<XMP><body> </xmp> Kato Zakros Crete, Greece
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Kato Zakros. Kato Zakros. Kato Zakros. Kato Zakros. Kato Zakros.
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Kato Zakros - Crete

In the extreme east of Crete, at the end of a winding road going down from Zakros, lies the little village of Kato Zakros: not more than a couple of houses and a beach. There is not much accommodation in Kato Zakros, and there is no supermarket, just a few taverna's, and even in low season rooms are scarse. It's situated on a beach which is partly big pebbles, and on other parts some sand and some pebbles. You can see the kaiks floating in the sea, and sometimes laying on the beach. I like Kato Zakros very much because of its simplicity, the friendly inhabitants and the kind of tourists that visit the place and stay overnight. Most of the accommodation is very basic, and not all rooms you are offered have private facilities but the views and the solitude in Kato Zakros make up for that.

It can probably get pretty busy in Kato Zakros during the daytime because the remains of the ancient palace of Kato Zakros are within its boundaries. The palace at Zakros is the fourth in terms of size among the Minoan palaces. It was located at an advantageous strategic position, at a protected bay, and was the centre of commercial exchange with the countries of the East. Some say it's impressive, I say it's just old stones, which don't mean too much to me, but while you're there why not make a visit? This palace was only discovered in the early sixties and it was very special because unlike the other palaces it had not been looted and so countless precious artefacts and interesting objects were found. These objects can be admired in the Archeological Museum in Heraklion. The palace was built in stages and most of it dates from around 1600 BC. All together the palace of Kato Zakros consists of more than 250 rooms including a treasury, a kitchen and working spaces. I liked more the landscape around it with the cypres trees, the mountains and the caves. Between Kato Zakros and the higher situated village of Zakros is the Valley of the Dead, where the Minoans used to burry their dead in the caves that you can see in the cliffs. You can walk through this valley. It leads along a river bed and the lenght is about 6 kilometers. The walk takes about 2 to 3 hours depending on how fast you walk. There are no tavernas along the way so you must bring your own water supply. In the evening Kato zakros becomes quite a desolate place though (if you are lucky enough to have found a room there), where you can see loads of stars if the sky is clear. Visitors seem mostly French and some German. If you want to stay there overnight I think it's wise to make a reservation ahead.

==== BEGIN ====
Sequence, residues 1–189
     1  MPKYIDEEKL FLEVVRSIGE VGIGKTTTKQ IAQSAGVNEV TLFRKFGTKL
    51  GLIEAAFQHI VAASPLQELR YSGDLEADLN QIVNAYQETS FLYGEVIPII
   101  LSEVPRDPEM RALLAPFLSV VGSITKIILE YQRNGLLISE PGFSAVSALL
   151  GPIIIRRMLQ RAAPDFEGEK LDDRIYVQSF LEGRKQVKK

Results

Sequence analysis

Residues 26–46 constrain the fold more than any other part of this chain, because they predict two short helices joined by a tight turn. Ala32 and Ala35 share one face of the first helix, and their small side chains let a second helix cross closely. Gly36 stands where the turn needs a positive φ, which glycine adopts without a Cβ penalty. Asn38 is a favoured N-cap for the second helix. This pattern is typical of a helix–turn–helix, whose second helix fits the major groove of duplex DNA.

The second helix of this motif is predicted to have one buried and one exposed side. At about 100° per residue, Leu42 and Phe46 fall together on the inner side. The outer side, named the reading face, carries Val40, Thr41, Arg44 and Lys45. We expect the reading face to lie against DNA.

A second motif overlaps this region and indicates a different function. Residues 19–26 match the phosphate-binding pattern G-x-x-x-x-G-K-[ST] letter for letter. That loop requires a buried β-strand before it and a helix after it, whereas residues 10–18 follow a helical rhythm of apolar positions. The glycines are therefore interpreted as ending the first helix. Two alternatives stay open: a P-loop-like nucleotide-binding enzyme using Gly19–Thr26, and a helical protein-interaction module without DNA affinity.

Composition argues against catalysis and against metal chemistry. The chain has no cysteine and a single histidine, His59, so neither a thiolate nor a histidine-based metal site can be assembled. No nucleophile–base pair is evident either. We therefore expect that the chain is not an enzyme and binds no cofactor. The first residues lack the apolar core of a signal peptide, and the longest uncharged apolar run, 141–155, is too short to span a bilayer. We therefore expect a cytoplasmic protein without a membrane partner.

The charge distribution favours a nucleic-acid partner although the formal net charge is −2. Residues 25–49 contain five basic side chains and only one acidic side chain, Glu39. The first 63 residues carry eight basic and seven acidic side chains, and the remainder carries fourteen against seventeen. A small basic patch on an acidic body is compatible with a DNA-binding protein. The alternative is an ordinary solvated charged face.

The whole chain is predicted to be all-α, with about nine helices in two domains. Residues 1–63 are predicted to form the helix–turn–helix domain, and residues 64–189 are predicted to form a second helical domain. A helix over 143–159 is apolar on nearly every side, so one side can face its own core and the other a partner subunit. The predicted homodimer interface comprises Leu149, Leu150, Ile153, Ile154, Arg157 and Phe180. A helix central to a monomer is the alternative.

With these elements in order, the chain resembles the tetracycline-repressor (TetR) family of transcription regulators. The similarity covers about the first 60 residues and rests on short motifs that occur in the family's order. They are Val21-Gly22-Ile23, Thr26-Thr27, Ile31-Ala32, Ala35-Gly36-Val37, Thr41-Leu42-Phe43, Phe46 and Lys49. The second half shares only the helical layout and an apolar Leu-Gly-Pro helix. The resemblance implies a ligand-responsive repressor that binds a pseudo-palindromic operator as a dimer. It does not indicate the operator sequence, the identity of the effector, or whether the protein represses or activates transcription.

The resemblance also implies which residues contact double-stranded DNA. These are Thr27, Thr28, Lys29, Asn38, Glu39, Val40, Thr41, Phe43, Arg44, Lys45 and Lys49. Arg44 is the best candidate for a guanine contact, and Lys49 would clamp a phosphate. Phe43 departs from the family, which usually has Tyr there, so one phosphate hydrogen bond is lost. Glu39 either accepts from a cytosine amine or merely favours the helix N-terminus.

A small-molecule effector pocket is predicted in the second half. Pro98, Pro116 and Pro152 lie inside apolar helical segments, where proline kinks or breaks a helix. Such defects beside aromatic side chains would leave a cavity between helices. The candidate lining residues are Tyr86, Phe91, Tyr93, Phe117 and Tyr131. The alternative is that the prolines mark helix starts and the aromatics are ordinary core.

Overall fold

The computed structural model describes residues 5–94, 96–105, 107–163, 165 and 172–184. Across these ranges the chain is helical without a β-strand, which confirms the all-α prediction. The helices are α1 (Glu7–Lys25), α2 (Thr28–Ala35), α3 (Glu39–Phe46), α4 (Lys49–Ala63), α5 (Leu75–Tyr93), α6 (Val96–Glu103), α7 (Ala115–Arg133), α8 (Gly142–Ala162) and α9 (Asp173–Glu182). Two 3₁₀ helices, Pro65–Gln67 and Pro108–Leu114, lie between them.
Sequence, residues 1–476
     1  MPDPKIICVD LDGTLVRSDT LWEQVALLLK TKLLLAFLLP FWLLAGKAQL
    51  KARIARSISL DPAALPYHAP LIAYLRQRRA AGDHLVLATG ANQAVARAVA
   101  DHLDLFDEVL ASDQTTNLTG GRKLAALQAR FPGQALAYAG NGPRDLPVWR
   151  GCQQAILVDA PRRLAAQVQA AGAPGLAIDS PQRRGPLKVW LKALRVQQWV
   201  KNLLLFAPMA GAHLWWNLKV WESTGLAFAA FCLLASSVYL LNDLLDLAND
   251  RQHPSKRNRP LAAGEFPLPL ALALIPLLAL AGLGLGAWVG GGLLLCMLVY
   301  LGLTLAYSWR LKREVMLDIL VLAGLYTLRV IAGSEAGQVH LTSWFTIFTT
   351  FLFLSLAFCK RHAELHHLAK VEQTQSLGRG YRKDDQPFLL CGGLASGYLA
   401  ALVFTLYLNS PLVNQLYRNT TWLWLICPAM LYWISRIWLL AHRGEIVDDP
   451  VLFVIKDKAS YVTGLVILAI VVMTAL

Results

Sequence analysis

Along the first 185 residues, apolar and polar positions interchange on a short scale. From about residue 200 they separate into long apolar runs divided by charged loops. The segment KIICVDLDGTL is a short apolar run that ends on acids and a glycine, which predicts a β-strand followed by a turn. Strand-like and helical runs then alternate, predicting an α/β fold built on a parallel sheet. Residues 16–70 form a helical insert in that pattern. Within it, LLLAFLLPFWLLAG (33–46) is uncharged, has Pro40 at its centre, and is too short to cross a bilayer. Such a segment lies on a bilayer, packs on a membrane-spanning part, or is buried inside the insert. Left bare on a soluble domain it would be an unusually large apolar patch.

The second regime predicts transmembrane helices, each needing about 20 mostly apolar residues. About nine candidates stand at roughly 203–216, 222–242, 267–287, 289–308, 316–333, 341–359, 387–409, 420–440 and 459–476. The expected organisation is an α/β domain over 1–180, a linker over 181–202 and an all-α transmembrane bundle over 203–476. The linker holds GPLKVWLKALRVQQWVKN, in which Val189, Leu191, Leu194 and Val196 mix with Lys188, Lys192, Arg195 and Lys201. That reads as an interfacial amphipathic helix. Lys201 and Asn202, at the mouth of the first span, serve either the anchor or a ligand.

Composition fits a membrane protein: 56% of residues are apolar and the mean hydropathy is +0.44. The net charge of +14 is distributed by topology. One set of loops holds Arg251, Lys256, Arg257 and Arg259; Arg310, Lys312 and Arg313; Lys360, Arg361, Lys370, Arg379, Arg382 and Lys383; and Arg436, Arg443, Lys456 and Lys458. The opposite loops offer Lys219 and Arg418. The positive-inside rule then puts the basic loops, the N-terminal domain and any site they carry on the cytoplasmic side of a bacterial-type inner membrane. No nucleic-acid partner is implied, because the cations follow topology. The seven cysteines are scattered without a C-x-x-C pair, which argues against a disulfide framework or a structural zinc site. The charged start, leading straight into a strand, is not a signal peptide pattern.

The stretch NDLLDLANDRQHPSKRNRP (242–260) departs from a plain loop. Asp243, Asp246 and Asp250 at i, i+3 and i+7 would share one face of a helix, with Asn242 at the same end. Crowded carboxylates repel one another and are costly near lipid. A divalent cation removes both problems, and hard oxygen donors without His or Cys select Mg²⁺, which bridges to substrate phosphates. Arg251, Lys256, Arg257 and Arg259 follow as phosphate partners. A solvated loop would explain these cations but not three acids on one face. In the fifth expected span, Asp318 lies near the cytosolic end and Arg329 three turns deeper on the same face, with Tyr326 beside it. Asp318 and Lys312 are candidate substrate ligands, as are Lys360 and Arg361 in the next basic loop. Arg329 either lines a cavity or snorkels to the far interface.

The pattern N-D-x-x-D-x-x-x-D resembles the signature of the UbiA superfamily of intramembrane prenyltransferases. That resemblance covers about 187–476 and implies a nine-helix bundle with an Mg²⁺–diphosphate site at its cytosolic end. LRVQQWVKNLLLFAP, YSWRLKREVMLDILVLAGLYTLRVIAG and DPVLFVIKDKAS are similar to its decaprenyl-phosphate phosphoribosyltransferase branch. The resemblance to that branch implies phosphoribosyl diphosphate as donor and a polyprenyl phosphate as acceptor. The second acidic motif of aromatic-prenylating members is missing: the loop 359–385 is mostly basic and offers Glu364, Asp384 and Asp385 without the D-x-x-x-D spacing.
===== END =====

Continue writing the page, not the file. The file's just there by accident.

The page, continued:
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Kato Zakros, Crete, Kreta Kato Zakros, Crete, Kreta Kato Zakros. Kato Zakros. Kato Zakros.
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Hans Huisman, http://www.angelfire.com/super2/greece/ 2007 <XMP></body></xmp>